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posted by Rugxulo(R) Homepage, Usono, 19.02.2012, 21:15

> Nobody outside those cares too, or there would be a well maintained 16-bit
> open source stack.

There already is: OpenWatcom (used by FreeDOS kernel and separately in embedded use [Wilton Helm, 186, no OS]), but that's C/C++, not Oberon.

If you check here, C has 25%, C++ has 9%, Pascal has almost 2% and Oberon only 0.2% and Modula-2 only 0.12%. Doesn't mean they are bad, just less popular.

We're talking several different things here. There are plenty of pre-existing things that support 16-bit that are "good enough" to not have to rewrite or patch anything. But they don't necessarily offer the same host or target OS, memory model, object format, or even (for existing code) language frontends, etc.

> It is not "them" that are failing, it is you, the users of such things.

It's hardly my fault that OMF has changed over the years or that compatible tools vary in quality and licensing.

> OMF is afaik quite adhoc and poorly standarized, one of the reasons the
> unix formats (coff, elf) won out. a.out is also very simplistic, and can
> be seen as an unix counterpart of omf.

It's standardized, just nobody cares because they "moved on" to newer, shinier things. Doesn't mean either is better or worse, it's just some are more popular than others. Like I said, I honestly don't know whether a from-scratch compiler would be wiser to use OMF for interoperability with pre-existing code or better to just roll their own format.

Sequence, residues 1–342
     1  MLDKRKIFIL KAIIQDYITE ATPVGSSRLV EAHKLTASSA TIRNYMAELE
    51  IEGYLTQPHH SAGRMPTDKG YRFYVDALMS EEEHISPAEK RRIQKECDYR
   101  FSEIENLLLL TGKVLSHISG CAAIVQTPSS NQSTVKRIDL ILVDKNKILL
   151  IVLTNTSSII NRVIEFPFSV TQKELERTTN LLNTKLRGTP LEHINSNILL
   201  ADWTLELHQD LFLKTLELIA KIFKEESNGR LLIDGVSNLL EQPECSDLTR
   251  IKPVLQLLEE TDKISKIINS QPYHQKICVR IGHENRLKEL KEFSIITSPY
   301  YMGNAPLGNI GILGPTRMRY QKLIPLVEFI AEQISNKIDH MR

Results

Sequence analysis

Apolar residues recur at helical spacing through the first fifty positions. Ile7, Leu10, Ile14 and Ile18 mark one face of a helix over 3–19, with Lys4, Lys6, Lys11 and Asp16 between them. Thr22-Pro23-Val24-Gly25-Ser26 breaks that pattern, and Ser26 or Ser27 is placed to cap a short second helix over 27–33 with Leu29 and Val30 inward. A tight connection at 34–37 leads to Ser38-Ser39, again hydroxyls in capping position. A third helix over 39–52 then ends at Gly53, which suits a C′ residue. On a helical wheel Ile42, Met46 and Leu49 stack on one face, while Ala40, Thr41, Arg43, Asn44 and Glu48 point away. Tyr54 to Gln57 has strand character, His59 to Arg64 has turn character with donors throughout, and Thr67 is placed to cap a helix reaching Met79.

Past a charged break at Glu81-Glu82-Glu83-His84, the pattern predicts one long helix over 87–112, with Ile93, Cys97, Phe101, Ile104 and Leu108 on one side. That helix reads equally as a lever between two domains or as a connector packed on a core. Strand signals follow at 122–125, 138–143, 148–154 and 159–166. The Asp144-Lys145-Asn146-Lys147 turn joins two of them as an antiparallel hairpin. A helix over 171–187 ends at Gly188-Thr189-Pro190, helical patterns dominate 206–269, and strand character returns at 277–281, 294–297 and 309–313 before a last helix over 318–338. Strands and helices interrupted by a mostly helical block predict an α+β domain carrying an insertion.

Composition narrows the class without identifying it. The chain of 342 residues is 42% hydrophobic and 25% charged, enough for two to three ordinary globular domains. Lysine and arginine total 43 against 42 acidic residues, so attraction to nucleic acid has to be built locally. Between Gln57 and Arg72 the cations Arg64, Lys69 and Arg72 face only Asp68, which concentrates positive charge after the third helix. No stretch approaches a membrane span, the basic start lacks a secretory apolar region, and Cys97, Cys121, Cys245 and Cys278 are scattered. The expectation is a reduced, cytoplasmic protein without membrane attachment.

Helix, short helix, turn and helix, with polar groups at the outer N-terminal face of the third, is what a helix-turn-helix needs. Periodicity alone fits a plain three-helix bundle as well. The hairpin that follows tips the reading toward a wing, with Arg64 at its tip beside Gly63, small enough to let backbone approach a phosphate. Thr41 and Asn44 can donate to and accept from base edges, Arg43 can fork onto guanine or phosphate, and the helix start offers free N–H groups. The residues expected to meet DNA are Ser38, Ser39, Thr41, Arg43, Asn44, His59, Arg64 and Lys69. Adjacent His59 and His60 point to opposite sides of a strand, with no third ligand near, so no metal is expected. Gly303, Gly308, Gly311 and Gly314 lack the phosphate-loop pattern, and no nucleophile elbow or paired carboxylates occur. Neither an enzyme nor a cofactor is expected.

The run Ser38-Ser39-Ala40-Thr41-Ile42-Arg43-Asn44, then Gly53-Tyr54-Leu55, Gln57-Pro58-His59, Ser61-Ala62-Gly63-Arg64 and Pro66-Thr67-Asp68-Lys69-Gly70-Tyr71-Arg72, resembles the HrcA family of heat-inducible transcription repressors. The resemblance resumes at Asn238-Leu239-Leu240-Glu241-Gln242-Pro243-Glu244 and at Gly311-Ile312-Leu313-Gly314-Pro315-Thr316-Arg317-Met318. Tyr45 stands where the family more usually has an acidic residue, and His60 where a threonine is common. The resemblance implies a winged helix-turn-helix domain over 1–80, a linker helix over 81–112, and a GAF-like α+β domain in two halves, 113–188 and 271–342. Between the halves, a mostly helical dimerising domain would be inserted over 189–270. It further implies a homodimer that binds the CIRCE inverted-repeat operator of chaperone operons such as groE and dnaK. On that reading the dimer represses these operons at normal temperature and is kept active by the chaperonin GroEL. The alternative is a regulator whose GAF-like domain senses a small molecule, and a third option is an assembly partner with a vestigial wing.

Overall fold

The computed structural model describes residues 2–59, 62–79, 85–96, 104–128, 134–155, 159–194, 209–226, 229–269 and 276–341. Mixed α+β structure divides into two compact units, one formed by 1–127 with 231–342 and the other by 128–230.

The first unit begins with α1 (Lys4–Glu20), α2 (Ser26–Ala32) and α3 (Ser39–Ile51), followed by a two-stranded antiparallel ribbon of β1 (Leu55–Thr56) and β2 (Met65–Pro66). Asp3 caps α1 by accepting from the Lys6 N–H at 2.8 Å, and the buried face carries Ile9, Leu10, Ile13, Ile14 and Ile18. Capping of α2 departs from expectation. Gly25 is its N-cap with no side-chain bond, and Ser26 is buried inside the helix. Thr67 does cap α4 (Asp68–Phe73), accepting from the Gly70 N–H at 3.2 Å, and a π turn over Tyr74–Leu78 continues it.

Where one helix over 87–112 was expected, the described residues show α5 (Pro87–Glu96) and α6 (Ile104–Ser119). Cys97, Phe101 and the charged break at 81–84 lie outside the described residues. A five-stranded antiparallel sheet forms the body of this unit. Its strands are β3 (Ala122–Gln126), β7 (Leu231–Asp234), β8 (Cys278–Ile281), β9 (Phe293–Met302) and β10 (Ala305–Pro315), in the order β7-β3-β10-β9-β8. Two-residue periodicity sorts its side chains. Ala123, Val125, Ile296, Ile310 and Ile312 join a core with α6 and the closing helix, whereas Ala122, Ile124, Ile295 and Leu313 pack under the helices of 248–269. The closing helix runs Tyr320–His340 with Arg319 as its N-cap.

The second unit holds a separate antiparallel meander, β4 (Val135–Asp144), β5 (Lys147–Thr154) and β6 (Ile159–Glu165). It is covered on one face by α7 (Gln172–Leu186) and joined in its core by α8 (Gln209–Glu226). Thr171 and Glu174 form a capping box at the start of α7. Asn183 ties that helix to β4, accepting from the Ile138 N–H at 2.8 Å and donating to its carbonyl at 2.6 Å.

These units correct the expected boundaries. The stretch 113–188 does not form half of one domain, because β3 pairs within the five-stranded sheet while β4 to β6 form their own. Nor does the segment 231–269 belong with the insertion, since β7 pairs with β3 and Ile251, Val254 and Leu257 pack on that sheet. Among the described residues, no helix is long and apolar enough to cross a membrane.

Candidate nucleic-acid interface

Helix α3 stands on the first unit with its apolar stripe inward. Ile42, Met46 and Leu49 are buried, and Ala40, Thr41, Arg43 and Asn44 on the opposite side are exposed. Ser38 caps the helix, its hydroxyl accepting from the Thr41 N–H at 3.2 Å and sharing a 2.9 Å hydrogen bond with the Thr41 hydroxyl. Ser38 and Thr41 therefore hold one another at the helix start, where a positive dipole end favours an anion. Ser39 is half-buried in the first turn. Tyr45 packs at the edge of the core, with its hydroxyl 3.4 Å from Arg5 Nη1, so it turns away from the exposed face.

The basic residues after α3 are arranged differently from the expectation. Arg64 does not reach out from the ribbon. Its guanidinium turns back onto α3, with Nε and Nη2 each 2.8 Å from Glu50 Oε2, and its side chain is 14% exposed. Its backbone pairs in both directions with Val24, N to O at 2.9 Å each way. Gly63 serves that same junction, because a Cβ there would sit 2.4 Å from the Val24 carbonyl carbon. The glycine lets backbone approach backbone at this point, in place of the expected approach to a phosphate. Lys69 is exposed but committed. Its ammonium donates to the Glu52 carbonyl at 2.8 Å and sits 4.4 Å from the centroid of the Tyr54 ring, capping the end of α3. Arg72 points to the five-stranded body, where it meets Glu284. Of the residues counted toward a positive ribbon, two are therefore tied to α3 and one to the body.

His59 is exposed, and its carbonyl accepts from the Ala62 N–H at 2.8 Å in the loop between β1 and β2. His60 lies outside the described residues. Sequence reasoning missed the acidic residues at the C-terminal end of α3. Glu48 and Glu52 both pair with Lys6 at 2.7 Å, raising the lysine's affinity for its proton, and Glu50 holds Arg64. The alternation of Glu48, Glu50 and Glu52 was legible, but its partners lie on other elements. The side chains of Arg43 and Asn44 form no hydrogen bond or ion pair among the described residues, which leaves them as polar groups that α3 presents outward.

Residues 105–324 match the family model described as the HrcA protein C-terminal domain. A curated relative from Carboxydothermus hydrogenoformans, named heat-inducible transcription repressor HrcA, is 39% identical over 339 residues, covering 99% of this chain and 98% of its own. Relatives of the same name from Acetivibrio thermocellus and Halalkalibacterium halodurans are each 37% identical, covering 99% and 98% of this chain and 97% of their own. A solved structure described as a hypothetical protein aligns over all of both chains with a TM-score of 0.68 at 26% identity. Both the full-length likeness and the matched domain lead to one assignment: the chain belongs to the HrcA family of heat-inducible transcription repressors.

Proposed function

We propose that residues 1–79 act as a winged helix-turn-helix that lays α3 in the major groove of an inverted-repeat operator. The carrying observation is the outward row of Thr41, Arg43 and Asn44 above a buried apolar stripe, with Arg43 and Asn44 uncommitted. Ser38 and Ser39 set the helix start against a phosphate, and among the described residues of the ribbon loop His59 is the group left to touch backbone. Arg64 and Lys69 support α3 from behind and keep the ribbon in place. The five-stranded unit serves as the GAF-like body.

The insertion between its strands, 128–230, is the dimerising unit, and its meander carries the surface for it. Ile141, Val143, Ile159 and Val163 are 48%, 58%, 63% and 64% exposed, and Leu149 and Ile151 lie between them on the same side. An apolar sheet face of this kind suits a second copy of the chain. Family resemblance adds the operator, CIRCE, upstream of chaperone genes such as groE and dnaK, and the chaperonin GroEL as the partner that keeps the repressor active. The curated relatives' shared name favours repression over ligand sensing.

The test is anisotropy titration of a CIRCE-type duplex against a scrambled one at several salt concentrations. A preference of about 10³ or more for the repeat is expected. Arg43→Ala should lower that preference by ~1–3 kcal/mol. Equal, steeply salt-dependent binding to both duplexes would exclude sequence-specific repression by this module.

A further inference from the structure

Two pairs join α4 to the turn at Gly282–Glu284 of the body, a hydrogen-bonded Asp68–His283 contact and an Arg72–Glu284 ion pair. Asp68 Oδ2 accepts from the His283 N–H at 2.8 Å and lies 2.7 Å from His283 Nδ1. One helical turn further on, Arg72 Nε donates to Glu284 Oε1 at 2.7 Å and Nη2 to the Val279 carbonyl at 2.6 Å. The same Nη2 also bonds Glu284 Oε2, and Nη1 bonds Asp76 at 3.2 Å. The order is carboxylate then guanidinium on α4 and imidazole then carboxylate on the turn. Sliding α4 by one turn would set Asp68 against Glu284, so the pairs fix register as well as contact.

And for the record, *nix weenies hate a.out and COFF for being old and badly spec'd, but praise the newer ELF as only thing worth supporting. I think even GCC has (mostly) given up on older stuff with only minimal support in BinUtils for "older" formats. This is not (barely) based upon technical merit but more on personal preference or political reasoning. (Though indeed, "inertia" plays a part too as nobody wants to heavily mess with the backends. "Thar be dragons.") Before you whine that DOS uses old formats, go get WinNT and Mac OS X to both switch to ELF, then we'll talk. Or is it all "inertia" for them too?

> That's the problem, and my point exactly. Everybody is only messing around
> on 16-bit, and trying to apply bandaids and do some smartshopping (often on
> murky legal grounds) to keep stuff running.

I'd rather not install Oberon OS just to learn Oberon. Besides, it would be much harder to distribute the code as it'd be too heavily reliant on the OS. But yeah, most Oberon compilers lack a standard set of libs. But I don't see how you take issue with patches to pre-existing stuff. I don't see what your point is here. If it works, it works, even if it needs a few patches.

> Probably we'll have this same discussion in 2020 again, and then there
> still won't be an open source 16-bit toolchain.

So what? It's not me whining, I'm at least trying to partially get something to work instead of throwing it away. If you don't like it, fine, but I fail to see the virtue in discarding software and decrying everything that is legacy-based. It's almost like you expect me to roll my own OS, compiler, etc. Surely that's not an easy task. It's almost always easier to adapt pre-existing OSes and tools than start from scratch.


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